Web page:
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Network traffic across the internet, within data centers and in end-user networks has increased rapidly over time and shows no signs of stopping. While 100 gigabit Ethernet, or GbE, technology has only been available for a few years, a variety of applications already show a need for even higher data rates.
Industry experts expect large public cloud providers to be the initial adopters of 400 GbE switches. Yet, as links in cloud server racks upgrade to 50 or 100 Gb, IT teams must upgrade their network backbones to carry increasing amounts of traffic.
Large public cloud providers maintain geographically dispersed clouds to support worldwide enterprises and provide backup and failover. Traffic levels between clouds increase along with traffic levels within each cloud, so providers must also upgrade inter-cloud links.
Where will users see the effects of 400 GbE technology?
In addition to cloud environments, the internet also requires 400 GbE links. Traffic continues to grow rapidly due to multiple factors, including the following:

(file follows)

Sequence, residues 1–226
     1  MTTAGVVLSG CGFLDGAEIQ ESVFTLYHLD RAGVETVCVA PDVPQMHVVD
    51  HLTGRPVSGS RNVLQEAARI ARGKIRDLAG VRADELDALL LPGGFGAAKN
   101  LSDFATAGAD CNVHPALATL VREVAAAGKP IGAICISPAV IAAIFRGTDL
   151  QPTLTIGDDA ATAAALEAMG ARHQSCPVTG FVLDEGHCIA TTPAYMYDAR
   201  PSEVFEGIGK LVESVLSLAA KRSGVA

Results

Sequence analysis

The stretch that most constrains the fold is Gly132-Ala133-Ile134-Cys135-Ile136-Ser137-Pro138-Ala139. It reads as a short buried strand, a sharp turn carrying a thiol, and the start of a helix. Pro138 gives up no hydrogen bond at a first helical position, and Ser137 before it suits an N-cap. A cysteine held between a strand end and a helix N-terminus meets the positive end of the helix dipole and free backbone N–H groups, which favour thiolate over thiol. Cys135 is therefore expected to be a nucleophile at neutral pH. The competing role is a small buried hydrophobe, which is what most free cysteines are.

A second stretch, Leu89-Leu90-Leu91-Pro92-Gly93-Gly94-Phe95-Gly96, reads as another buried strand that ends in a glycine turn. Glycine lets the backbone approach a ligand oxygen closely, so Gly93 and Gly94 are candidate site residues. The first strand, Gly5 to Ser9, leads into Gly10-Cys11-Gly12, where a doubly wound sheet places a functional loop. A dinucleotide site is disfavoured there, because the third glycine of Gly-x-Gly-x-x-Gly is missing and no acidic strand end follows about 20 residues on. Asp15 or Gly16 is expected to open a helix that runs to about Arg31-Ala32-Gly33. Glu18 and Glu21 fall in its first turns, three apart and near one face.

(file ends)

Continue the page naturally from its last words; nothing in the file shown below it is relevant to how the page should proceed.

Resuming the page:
- Users stream popular TV networks, such as HBO and Netflix, over the internet.
- Viewers access a multitude of YouTube videos with individual end-user streams, which adds to internet traffic.
- Phone calls previously made over cell networks increasingly moved to the internet -- e.g., WhatsApp, Skype and Wi-Fi Calling on iPhones and Androids.
- 5G greatly increases cell network data rates, and much of this traffic will travel over the internet for some portion of its route.
- Online shopping continues to increase, with many vendors providing video to showcase products.
All of these applications contribute to the need for transport networks that carry internet traffic to move toward higher data rates. Transport providers anticipated this growth and began trials as soon as early 400 GbE equipment was available. Now that these trials are complete, experts anticipate providers will now upgrade wide area links, as well.
Additional applications that require higher bandwidth communication generally involve efficient moving and processing of large data amounts, such as files used in advanced data mining activities and AI, including machine learning.
IEEE developments with 400 GbE
It takes time to develop technology that supports higher throughputs. Work on the Institute of Electrical and Electronics Engineers (IEEE) 802.3bs standard for 400 GbE began in 2013, and the IEEE completed the work in late 2017. The IEEE devoted its time between the standard's release and product availability to interoperability testing, which ensures all components function and integrate as intended. With its work on 400 GbE complete, the IEEE began to develop the increased signaling rates needed to support even higher data rates.
400 GbE links are relatively new, and many prospective customers are still in the evaluation stage, but many networks will soon adopt 400 GbE to address support for increased traffic.